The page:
Tuesday, December 29, 2009


Do you recognize this man? He's probably the most photographed bartender in all of Chicago, and we're lucky enough to have him right here in the neighborhood.

The mixology craze hit the city about 2 years ago, and Paul's been inventing new cocktails on a formerly desolate strip of Milwaukee Avenue ever since. The bar where he hones his craft is neither cozy tavern nor gritty watering hole, but it's not fastidious either. It often features live music or a dj on a tiny stage, but the real stars here are the drinks. Their complete cocktail archive includes names like the Sibling Rivalry, the Hemingway, and the Smoking Corpse, many of them coined by Paul. He recently mixed me up some gin, bitters, and tangerine marmalade and poured it, up, into a martini glass. Swoon.

So on this day, as I prepare for our annual New Year's Eve trek to central Wisconsin, and harbor some dread for my return to work, and anticipate 2010 with both steely reserve and squinty optimism, I raise a glass to another year behind us and another offering its promises ahead. When I reflect back on 2009, it will register as one of the toughest yet, but also a year full of texture, where I was constantly forced to prove something to myself (and was successful maybe half the time).

It was also a banner year for the neighborhood, with many more good things to eat and drink, some new businesses thrown in the mix, community gardens just a stone's throw away, and new neighbors to get to know. Plus some cemented appreciation for the things that aren't so new: my favorite grocery store, hardware store, taqueria, tamale vendors, bike routes, backyard barbecues, alley culture, Polish deli, street art, thrift stores, music festivals, park benches, block club, friends within walking distance, and ever-evolving little green house.

This will be my final entry of the year before I'm off to Wisconsin and off the grid, so let me also hoist a glass to each of you, who always makes me feel a part of something larger than myself. Thanks for your comments (both verbal and written), your unrelenting support, and your uncanny ability to crack me up. It's certainly been a year. Thanks for being part of it.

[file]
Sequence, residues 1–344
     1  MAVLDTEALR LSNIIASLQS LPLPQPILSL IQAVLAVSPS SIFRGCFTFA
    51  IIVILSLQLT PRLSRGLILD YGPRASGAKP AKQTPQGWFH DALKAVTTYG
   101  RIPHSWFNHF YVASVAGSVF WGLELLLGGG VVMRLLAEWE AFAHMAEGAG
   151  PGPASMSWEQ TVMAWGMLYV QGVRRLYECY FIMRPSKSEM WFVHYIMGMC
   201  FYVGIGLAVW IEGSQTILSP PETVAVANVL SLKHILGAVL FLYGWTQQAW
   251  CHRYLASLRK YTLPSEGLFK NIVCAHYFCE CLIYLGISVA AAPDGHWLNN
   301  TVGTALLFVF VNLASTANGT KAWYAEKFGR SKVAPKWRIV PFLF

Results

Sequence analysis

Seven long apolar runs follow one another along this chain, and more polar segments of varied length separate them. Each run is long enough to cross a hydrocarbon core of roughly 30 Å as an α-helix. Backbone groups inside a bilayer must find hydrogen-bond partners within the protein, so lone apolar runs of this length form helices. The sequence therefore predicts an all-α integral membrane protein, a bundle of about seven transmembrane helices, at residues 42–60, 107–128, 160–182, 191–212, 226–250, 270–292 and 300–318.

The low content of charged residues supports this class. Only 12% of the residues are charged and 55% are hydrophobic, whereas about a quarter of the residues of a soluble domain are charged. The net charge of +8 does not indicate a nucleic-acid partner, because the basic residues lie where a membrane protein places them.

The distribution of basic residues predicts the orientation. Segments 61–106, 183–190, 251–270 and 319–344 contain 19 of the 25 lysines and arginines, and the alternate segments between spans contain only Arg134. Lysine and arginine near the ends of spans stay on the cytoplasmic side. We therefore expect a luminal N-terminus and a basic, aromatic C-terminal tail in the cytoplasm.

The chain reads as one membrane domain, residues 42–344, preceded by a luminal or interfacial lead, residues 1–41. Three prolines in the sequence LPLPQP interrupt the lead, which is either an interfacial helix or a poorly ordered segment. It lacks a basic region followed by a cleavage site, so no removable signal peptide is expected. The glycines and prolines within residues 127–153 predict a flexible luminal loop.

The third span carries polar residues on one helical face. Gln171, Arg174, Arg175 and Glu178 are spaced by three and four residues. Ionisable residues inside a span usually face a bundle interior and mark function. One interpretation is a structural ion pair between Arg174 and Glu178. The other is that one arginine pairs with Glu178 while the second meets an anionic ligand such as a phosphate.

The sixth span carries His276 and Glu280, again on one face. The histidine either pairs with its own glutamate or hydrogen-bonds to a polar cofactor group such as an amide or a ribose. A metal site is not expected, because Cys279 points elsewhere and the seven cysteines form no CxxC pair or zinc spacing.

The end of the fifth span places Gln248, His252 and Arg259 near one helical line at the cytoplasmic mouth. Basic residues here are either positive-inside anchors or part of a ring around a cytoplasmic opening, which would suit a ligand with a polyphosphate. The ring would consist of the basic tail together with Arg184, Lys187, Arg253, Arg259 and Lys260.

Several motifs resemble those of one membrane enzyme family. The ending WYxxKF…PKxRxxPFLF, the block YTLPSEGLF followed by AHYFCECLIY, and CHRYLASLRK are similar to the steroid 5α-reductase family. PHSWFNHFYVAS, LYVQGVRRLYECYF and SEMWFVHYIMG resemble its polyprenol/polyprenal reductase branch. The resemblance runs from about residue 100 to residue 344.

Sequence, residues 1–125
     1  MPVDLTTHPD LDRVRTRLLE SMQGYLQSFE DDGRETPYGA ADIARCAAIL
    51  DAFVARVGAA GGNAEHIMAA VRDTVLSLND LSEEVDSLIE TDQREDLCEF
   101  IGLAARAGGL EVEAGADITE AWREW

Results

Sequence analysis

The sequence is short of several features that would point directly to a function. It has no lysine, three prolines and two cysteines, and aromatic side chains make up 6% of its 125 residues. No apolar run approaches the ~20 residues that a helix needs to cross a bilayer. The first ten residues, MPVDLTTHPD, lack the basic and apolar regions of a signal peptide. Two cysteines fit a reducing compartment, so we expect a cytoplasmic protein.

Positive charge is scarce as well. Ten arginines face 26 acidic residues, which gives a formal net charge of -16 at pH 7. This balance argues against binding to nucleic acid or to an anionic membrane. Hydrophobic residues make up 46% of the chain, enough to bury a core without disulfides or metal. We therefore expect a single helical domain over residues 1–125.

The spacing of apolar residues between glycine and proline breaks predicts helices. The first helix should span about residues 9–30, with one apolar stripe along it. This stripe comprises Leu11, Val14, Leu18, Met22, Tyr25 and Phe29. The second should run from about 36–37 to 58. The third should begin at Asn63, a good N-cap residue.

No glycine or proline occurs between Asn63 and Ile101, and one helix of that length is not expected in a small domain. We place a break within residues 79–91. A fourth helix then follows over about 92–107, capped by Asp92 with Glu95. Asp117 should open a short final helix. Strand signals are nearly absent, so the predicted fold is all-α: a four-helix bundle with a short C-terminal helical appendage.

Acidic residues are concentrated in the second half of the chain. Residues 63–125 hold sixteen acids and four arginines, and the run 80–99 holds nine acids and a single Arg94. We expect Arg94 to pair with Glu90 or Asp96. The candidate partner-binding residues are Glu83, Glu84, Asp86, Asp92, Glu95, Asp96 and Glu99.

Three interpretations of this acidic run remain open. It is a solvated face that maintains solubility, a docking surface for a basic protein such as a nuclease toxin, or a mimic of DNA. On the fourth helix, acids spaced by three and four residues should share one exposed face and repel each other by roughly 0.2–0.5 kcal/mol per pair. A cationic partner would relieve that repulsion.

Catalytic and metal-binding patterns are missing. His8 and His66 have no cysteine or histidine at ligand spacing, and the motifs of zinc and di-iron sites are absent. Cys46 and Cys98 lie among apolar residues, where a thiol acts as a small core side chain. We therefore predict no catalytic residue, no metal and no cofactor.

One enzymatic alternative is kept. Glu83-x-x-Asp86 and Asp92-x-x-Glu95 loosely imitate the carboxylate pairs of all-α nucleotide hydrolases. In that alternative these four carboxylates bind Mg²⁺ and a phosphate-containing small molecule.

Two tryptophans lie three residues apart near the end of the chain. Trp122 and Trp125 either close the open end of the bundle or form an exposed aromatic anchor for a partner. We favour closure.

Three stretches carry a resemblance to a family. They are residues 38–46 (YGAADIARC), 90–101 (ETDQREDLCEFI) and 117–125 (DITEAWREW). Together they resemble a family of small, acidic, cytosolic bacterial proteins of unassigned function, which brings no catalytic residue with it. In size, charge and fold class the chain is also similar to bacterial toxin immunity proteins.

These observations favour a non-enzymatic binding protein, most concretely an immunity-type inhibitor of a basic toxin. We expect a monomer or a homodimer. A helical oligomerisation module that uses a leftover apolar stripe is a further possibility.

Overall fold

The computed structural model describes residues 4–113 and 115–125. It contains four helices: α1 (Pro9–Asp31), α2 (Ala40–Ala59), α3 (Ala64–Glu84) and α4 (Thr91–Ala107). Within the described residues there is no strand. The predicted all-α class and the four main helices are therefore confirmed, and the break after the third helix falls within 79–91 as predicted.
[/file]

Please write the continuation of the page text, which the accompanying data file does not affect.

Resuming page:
Monday, December 21, 2009

Second Hand

In the last post, I referred to a growing collection of local treasures that have found their way into this house. My favorite may be this original drug-store counter from the Paul Davis Pharmacy up the street. The eponymous shop was open for decades, one of the few active commercial establishments on an otherwise (at least recently) shuttered retail strip.

Paul Davis himself dispensed prescriptions until his retirement a couple of years ago. When a friend of ours bought the space for his law practice, we ended up the proud and lucky owners of this solid parcel of history, where countless transactions were performed, and countless remedies were tendered. How much suffering was relieved as hands met across this very piece of oak?

The counter and all its ghosts now serve as a work surface in John's basement office. We relish the scratches in the wood, because they remind us to treat this baby as the workhorse it was intended to be.

And all this gets me wondering, on this most commercial of holidays, why the default for most people is buying something new. There are so many wonderful existing items out there, ripe for the taking-in, rather than the landfill. And this reminds me of my favorite of our family holiday traditions, Second Hand Santa, invented by my mother-in-law, who felt it good and proper to exchange things that were already part of the object stream of people's lives.

We've passed along Second-Hand-Santa to other friends, and we've ended up giving and receiving some of our favorite presents ever in the process: Vintage juicers, balls of yarn, shiny barware, wool sweaters, fondue sets, college sweatshirts, bathrobes, cookbooks, an imported wine rack, a footstool intended to be stuffed with old newspaper, and most recently, a stunning set of wooden spoons from Vietnam.

If it were up to me, we'd only exchange second-hand gifts at the holidays, but not everyone shares my patience for thrift stores, garage sales, or the backs of cobwebbed closets.

Nevertheless, I can go on record saying my favorite things in my life, including my sweet pooch Inez, were owned by other people before me.

I'm grateful to those people for keeping these items safe and sound, fit to pass along to someone who'd give them a second round of affection.

Sunday, December 13, 2009